A review by Joy M. Kiser
Birds’ Nests of the World, by Mamoru Suzuki
Western Foundation of Vertebrate Zoology, 2013
72 pages, $29.95—hardcover
For Japan’s beloved children’s book illustrator Mamoru Suzuki, the discovery of a bird’s nest near his home on the Izu Peninsula in 1986 was a metamorphic moment. Suzuki instantly felt a connection to the avian architect that had crafted blades of grass into such an elegant form. Just as the picture books that Suzuki had been illustrating were intended to nurture the minds of little readers, so that tenderly plaited cup of vegetation was devised to gently cradle a clutch of baby birds.
It occurred to Suzuki that if he studied birds, their nesting behaviors, and their efforts to survive, he might ultimately gain insight into his fellow human beings, their relationship with nature, and the universal quest for home.
Suzuki’s new passion led him to investigate the birds of Japan, where he secured a permit to collect nests after their inhabitants had fledged. Soon he expanded his research trips to other countries. Suzuki was mesmerized by the endless variety of nest shapes, the wide array of components and techniques employed in construction, and the plethora of colors and patterns shown by eggs. He noticed that like human cultures around the world, the feathered craftsmen adapted to their circumstances by utilizing the materials that were readily available–even incorporating bits of human trash into their nests. Suzuki determined that if humans and birds were to coexist, he must do his part by sensitizing his youthful readers to the wonders of the bird life around them and to the potentially devastating effects of pollution and habitat destruction.
Because few books had been published in Japan on the subject of birds’ nests, Suzuki resolved that he would fill the gap by writing his own, illustrated with paintings of nests from his collection.
In the 1990s, to learn more about birds’ nesting behaviors and to find subjects for his art, Suzuki began visiting the Western Foundation of Vertebrate Zoology (WFVZ) in Camarillo, California, which houses the largest nest collection in the world. Suzuki and the captivating portraits he painted for his Bird Nest Stories, The Book of Birds’ Nests, My Bird Nest Collection, and Bird Nest Field Notes quickly won the respect and admiration of the scientific staff. Recognizing that Suzuki’s “children’s” books in fact had universal appeal, the WFVZ’s Linnea Hall and Rene Corado proposed an edition of Suzuki’s Birds’ Nests of the World for an English-speaking audience.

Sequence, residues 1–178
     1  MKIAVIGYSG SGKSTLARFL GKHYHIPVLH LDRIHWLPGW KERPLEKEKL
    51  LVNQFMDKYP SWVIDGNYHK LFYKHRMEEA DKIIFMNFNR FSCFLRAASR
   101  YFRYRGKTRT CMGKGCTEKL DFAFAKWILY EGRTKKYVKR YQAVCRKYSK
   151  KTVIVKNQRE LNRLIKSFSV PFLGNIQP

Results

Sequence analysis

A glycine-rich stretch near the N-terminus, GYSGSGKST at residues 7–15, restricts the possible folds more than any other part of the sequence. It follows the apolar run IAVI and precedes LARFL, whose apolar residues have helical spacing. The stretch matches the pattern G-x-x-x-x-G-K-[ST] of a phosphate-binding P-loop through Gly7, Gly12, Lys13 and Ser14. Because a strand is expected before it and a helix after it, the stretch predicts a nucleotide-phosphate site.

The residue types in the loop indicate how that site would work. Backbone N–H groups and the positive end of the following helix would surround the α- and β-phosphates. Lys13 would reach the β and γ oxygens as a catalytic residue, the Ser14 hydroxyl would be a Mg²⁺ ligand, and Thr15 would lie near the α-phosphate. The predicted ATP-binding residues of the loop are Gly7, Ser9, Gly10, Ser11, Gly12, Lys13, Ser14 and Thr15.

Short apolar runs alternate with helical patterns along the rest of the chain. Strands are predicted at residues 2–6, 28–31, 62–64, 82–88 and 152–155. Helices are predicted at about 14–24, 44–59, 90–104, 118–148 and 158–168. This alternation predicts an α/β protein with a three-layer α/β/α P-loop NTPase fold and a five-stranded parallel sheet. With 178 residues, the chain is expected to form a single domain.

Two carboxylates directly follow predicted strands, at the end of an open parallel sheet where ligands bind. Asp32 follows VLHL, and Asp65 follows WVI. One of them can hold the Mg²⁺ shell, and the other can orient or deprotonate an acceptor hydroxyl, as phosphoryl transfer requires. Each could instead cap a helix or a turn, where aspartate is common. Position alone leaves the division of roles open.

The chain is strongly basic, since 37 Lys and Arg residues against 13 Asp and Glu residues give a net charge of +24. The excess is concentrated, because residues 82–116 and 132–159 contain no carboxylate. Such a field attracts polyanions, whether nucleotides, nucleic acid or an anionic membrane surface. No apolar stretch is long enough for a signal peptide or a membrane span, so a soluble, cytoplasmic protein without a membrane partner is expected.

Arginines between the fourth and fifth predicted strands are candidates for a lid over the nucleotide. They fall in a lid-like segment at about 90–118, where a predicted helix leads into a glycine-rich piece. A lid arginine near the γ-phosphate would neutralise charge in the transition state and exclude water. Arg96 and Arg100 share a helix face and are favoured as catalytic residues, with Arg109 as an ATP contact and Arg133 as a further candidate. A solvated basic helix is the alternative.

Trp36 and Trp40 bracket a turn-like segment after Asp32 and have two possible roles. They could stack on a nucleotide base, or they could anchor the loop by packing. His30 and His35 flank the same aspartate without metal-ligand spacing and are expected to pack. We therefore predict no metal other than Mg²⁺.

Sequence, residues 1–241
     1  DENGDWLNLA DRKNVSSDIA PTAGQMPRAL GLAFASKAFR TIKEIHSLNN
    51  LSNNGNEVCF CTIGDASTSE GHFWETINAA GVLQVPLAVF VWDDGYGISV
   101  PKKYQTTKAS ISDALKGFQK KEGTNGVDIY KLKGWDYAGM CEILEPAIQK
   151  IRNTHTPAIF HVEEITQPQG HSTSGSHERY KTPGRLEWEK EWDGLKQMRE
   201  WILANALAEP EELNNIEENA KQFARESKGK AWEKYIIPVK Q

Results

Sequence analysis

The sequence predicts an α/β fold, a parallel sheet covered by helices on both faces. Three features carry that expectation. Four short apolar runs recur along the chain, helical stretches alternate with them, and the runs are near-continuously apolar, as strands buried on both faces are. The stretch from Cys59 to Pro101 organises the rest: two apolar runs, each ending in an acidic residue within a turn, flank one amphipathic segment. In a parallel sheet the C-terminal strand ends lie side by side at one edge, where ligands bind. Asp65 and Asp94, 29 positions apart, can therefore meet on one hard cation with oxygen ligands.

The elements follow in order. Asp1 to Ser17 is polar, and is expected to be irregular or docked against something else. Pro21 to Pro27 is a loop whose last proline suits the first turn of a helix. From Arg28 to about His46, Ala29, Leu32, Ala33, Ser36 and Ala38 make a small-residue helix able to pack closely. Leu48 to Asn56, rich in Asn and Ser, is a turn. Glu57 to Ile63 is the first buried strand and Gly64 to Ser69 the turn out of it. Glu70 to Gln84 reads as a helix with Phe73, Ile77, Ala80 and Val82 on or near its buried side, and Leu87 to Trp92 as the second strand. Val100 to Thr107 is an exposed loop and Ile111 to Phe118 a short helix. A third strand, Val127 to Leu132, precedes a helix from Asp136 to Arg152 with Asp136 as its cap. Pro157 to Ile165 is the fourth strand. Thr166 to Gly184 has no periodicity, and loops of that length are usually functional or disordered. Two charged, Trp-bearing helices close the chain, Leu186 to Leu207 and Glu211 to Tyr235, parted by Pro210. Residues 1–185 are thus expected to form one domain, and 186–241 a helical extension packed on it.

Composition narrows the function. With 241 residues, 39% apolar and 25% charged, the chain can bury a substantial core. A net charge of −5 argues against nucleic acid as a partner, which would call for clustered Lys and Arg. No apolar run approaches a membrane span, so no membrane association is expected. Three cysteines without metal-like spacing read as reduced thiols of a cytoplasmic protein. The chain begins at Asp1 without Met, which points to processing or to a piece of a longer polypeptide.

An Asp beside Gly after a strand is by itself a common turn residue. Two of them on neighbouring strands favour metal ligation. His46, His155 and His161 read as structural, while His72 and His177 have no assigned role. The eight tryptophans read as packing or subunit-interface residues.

Birds’ Nests depicts the nests and eggs of species from the Arctic to the Antarctic. The preliminary pages include an astounding world map ornamented by more than 400 birds and their nests, followed by an ingenious chart laying out the incredible diversity of nest shapes.
The 251 larger illustrations of birds, eggs, and nests are organized by nest location: on the ground, on cliffs, on walls, on the water, in shrubs, and so on. Nests built in trees are further organized according to shape, including large platforms, bowls, cups, and hanging and woven nests. Suzuki’s paintings are sensitively observed and thoughtfully rendered, presenting each bird in a characteristic pose and condensing its behavior to its essence.
Every page here is punctuated with fascinating notes on avian behavior. For example, the Malleefowl of Australia does not sit on its eggs to incubate them. Instead, it digs a pit in the sand at the end of winter and fills it with an elaborate mound of vegetation. The spring rains cause the materials to rot, which generates heat. The female Malleefowl lays her eggs in the decomposing heap, leaving the male bird to tend the eggs: Each morning he removes sand and vegetation from the pile so that the sun does not bake the eggs, then covers them again at night when the temperature drops. When the eggs hatch, each nestling digs its way out of the mound and is henceforth on its own–the parents have no contact with their offspring.
The Rufous-breasted Spinetail of Mexico constructs a nest with two rooms connected by a tunnel; the Eurasian Penduline Tit weaves a home of wool with a false entrance to fool predators; and the American Flamingo, which nests in lakes containing caustic soda from volcanic ash, must build a little mountain of mud to raise its nest high enough to protect its offspring from being burnt.
Curl up in your favorite spot for an armchair bird walk around the world. You will be mesmerized by Sukuki’s delightful depictions–and staggered by the encyclopedic detail this charming volume delivers.
– Joy M. Kiser is the former Librarian of the Cleveland Museum of Natural History and of the National Endowment for the Arts; currently she is Advancement Research Specialist at Kent State University. Kiser is the author of the award-winning America’s Other Audubon, a biography of the remarkable but forgotten 19th-century ornithologist Genevieve Jones.
Recommended citation: Kiser, J. 2013. Feathered Craftsmen [a review of Birds’ Nests of the World, by Mamoru Suzuki]. Birding 45(6):65.
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